Bottom line
ODs should refer patients who they believe would benefit from treatment now or in the near future in collaboration with a local retinal specialist.

The paradigm for treatment and management of diabetic retinopathy is changing. By all accounts, the new standard is shifting toward treatments that not only prevent severe vision loss late in the game but lessen disease severity early in the game.


1. American Academy of Ophthalmology Retina/Vitreous Panel. Preferred Practice Guidelines. Diabetic Retinopathy. San Francisco, CA: American Academy of Ophthalmology; 2017. Available at: https://www.aao.org/preferred-practice-pattern/diabetic-retinopathy-ppp-updated-2017. Accessed 10/19/18.
2. International Council of Ophthalmology Guidelines for Diabetic Eye Care 2017. Available at: http://www.icoph.org/downloads/ICOGuidelinesforDiabeticEyeCare.pdf. Accessed 10/19/18.
3. American Optometric Association. Eye Care of the Patient with Diabetes Mellitus. Evidence-Based Clinical Practice Guideline 2014. Available at: https://www.aoa.org/Documents/EBO/EyeCareOfThePatientWithDiabetesMellitus%20CPG3.pdf. Accessed 10/20/18.
4. Soloman SD, Chew E, Duh EJ, Sobrin L, Sun JK, VanderBeek BL, Wykoff CC, Gardner TW. American Diabetes Association. Diabetic Retinopathy: A Position Statement by the American Diabetes Association. Diabetes Care. 2017 Mar; 40(3): 412-418.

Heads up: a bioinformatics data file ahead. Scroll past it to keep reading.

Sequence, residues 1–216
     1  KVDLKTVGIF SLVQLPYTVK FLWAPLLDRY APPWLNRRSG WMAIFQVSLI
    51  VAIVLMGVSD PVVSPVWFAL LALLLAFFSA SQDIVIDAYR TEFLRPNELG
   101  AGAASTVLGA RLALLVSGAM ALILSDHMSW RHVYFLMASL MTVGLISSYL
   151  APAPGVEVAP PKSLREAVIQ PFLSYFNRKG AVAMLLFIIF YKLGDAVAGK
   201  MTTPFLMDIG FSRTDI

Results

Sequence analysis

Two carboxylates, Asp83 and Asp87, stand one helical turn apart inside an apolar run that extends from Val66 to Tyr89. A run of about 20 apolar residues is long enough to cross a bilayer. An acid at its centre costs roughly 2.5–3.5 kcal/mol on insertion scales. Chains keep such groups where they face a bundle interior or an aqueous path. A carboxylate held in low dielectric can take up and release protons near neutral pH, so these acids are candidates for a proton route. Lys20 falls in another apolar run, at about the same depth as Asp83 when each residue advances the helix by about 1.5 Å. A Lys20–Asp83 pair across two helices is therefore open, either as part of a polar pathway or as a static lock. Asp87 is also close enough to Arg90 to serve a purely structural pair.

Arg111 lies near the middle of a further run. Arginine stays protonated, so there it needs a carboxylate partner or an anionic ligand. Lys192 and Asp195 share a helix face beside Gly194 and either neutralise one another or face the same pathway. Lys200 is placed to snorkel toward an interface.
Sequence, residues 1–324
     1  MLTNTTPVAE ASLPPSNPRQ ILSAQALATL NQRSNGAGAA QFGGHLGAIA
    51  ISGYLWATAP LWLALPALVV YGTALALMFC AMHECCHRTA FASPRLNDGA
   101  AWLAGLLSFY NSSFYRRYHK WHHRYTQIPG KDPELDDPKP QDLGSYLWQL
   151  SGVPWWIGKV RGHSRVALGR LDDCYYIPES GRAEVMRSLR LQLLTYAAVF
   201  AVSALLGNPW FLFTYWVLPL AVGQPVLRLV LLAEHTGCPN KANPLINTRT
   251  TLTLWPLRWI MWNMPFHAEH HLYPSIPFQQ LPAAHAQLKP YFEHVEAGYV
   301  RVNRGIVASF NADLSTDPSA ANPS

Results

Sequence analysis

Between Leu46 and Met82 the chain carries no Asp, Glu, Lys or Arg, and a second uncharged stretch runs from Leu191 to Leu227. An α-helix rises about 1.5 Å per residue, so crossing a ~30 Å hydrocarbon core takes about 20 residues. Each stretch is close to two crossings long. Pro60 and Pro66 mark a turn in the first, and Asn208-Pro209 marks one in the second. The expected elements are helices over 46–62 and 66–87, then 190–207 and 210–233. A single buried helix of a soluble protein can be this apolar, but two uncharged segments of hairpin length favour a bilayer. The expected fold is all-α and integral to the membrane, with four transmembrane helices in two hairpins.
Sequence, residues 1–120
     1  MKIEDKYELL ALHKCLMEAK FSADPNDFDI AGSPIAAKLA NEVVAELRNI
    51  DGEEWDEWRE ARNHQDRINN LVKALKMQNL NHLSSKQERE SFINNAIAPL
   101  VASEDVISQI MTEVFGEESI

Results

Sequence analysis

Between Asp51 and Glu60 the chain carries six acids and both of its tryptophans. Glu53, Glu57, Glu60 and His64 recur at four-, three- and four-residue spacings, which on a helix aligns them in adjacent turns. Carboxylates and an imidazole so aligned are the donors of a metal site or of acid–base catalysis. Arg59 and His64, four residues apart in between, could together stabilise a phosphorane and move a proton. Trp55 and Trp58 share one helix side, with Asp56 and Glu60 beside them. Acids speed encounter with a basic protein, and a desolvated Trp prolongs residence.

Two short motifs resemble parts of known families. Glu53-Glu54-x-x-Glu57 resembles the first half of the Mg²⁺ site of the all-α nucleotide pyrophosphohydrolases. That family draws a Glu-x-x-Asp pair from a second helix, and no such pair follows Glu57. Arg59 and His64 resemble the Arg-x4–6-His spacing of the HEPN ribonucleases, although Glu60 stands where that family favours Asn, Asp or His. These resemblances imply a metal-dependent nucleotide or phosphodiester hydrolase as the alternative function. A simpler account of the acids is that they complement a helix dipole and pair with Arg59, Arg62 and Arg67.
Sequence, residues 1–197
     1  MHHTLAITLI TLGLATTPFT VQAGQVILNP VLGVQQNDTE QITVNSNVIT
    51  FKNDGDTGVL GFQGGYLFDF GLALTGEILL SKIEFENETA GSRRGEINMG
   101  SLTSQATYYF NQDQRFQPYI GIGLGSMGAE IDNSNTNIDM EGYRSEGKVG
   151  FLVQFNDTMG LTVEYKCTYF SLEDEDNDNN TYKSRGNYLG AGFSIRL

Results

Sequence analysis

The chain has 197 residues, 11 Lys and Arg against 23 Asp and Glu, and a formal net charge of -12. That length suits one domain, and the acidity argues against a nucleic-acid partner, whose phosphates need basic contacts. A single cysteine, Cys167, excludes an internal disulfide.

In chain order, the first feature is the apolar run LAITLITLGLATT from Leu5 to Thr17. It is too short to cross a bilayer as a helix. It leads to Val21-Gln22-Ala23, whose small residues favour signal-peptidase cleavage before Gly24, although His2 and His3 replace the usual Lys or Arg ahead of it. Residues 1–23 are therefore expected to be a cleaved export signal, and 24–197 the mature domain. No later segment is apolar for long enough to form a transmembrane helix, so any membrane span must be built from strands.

5. El Rami H, Barham R, Sun JK, Silva PS. Evidence-Based Treatment of Diabetic Retinopathy. Semin Ophthalmol. 2017;32(1):67-74.
6. Virgili G, Parravano M, Evans JR, Gordon I, Lucenteforte E. Anti-vascular endothelial growth factor for diabetic macular oedema: a network meta-analysis. Cochrane Database Systematic Reviews. 2017 Jun 22;6:CD007419.
7. Bressler SB, Liu D, Glassman AR, Castellarin AA, Jampol LM, Kaufman PL, Melia M, Singh H, Wells JA. Change in Diabetic Retinopathy Through 2 Years: Secondary Analysis of a Randomized Clinical Trial Comparing Aflibercept, Bevacizumab, and Ranibizumab. JAMA Ophthalmology. 2017;135(6):558-568.
8. Gross JG, Glassman AR, Jampol LM, Inusah S, Aiello LP, Antoszyk AN, Baker, CW, Berger BB, Bressler NM, Browning D, Elman MJ, Ferris III FL, Friedman SM, Marcus DM, Melia M, Stockdale CR, Sun JK, Beck RW, Diabetic Retinopathy Clinical Research Network. Panretinal Photocoagulation vs Intravitreous Ranibizumab for Proliferative Diabetic Retinopathy: A Randomized Clinical Trial. JAMA Network. 2015;314(20):2137-2146.
9. Barsegian A, Kotlyar B, Lee J, Salifu MO, McFarlane SI. Diabetic Retinopathy: Focus on Minority Populations. International Journal of Clinical Endocrinology and Metabolism. 2017. Available at: https://www.peertechz.com/articles/diabetic-retinopathy-focus-on-minority-populations.pdf. Accessed 10/22/18.
10. Rees G, Xie J, Fenwick EK, Sturrock BA, Finger R, Rogers SL, Lim L, Lamoureux EL. Association Between Diabetes-Related Eye Complications and Symptoms of Anxiety and Depression. JAMA Ophthalmol. 2016 Sep 1;134(9):1007-14.